There’s so much choice available that customers can pick and choose who they buy from and where, when, and how it happens. They want to discover, research, evaluate, and purchase on their preferred channel. Give them that option, and they’re more likely to choose you. That’s the whole point behind the multi-channel approach.
The brand and startup partnership by Mondelēz International to drive mobile marketing innovation is already seeing encouraging results, according to Pollenizer CEO, Phil Morle.
Startup incubator, Pollenizer, assisted with the selection of startups for the Mondelēz Mobile Futures initiative in July, which has teamed five popular brands including Cadbury and BelVita with startups to design new mobile marketing opportunities.
Morle told attendees at the ADMA Engage conference in Sydney that the companies were seeing good conversion rates of up around 10 per cent for some of the brand-startup partnerships.
“For some, like SkyFii and Proximiti that need people to make accounts, we’re seeing 63 per cent or so actually setting up those accounts,” he said.
The Mobile Futures initiative has attracted the attention of other big brands, said Morle.
“It’s the new black and everyone wants to work with startups now,” he claimed. “All the big bluechip companies are wanting to do it right now.”
According to Morle, large enterprises are not optimised for innovation, but startups can innovate quickly and at low risk.
“The whole intention here is to do hyper graphic, almost disposable learning programs, and to do it in a context that is not deeply risky,” he said.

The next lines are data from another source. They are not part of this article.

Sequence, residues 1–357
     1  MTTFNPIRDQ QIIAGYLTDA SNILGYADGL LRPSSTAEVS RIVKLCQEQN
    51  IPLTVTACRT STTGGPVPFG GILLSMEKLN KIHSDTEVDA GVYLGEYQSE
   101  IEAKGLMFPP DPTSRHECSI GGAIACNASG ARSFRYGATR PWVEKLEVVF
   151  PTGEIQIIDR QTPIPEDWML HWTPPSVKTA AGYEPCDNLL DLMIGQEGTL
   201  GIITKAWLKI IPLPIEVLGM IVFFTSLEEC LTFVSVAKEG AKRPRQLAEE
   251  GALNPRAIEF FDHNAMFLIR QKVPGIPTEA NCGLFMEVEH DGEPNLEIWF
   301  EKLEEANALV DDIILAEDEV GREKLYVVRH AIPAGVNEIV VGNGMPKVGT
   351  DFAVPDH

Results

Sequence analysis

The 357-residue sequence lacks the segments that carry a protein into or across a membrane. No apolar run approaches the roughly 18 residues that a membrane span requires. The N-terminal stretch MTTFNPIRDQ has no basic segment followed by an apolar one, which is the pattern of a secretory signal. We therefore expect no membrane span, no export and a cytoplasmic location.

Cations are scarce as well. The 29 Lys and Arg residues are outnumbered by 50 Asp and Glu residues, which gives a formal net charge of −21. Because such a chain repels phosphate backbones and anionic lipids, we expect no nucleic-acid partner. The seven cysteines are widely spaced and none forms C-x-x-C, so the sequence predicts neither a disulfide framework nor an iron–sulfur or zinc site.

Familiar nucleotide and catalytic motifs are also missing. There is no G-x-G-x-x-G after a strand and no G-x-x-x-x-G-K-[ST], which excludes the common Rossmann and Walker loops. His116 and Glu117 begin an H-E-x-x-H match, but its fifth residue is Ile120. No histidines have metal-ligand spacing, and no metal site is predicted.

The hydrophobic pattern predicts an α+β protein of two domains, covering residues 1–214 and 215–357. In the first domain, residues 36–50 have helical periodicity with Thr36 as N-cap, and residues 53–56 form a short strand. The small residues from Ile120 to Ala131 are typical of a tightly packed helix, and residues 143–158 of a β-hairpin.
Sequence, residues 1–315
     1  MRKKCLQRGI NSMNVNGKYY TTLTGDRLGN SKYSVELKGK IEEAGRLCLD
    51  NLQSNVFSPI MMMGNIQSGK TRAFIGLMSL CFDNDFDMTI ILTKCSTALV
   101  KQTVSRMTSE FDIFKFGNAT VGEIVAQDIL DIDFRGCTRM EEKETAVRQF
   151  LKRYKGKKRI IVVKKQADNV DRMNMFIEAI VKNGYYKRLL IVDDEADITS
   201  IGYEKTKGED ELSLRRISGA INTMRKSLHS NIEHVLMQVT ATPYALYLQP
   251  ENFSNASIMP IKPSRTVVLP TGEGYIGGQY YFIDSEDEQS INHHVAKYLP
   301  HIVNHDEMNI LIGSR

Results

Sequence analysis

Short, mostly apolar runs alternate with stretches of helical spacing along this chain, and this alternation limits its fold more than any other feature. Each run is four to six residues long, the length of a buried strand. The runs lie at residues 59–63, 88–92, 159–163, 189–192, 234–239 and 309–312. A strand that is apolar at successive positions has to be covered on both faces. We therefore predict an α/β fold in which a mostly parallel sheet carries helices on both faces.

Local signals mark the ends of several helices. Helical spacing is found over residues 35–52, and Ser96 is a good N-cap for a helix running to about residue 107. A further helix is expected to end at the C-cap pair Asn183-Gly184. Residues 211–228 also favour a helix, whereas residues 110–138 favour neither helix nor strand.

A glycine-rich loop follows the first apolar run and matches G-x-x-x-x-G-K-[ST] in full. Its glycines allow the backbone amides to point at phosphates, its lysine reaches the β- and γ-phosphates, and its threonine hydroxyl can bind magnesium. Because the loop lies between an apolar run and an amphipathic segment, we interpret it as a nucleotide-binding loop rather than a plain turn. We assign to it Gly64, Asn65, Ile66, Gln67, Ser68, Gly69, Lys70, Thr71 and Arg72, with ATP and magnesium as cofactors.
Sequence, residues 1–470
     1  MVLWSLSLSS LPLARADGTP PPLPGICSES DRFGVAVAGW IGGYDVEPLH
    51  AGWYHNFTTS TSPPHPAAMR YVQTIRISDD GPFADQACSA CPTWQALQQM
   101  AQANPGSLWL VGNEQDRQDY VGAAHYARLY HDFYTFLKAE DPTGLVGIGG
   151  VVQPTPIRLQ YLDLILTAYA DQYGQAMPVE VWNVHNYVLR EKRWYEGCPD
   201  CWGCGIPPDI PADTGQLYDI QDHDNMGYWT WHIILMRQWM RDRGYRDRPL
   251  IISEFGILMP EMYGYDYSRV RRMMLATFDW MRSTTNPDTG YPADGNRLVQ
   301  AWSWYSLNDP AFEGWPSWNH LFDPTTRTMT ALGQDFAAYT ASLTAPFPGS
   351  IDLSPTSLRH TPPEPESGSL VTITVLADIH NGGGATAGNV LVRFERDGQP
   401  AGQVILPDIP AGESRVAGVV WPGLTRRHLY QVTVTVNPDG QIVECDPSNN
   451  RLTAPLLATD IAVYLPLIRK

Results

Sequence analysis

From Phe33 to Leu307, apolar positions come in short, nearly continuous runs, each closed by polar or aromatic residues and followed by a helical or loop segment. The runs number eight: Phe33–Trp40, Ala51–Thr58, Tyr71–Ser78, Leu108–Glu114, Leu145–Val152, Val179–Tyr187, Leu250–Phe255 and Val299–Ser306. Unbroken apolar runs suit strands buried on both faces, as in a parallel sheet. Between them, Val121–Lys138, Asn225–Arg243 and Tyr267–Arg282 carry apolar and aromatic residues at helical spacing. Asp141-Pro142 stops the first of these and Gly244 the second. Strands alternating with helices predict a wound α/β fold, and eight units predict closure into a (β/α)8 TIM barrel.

He cited as an example the Mobile Futures partnership between Cadbury Dairy Milk and Snaploader, which provides augmented reality information when a user takes a picture of a chocolate bar in the store.
“It just started off in one store, in a very small way, risk profile very, very low, but now is going into multiple stores, and is also coming together with another program that Woolworths is doing,” Morle said.
Woolworths and Mondelēz are also collaborating in a shared learning program, he said.
Morle advised marketers to look to startups and see if they can help them. “If you’ve got a brand, look out there in the world [and] see what startups can do for you. They want to help you, they can help you and they will passionately engage in helping you.”
One startup – not part of the Mondelēz program – that has been partnering with major brands is Wearable Experiments (We:eX). The company has created wearable marketing for major brands including Durex and Fox Sports Australia.
At ADMA Engage, the company’s co-founder, Ben Moir, advised marketers to look beyond existing mobile devices and consider how they might match a brand to wearable computing. This type of technology includes much more than smartwatches and Google Glass, he said.
For Durex, We:eX developed Internet-connected underwear called Fundawear]] designed to keep couples connected over long distances. For Fox Sports, We:eX developed “alert shirts” that enable AFL fans to feel the pain of a tackle and the rush of a goal.
“Wearable tech is a brand product that gets people out into the real world,” said Moir.
Pictured: Pollenizer CEO Phil Morle at ADMA Engage.
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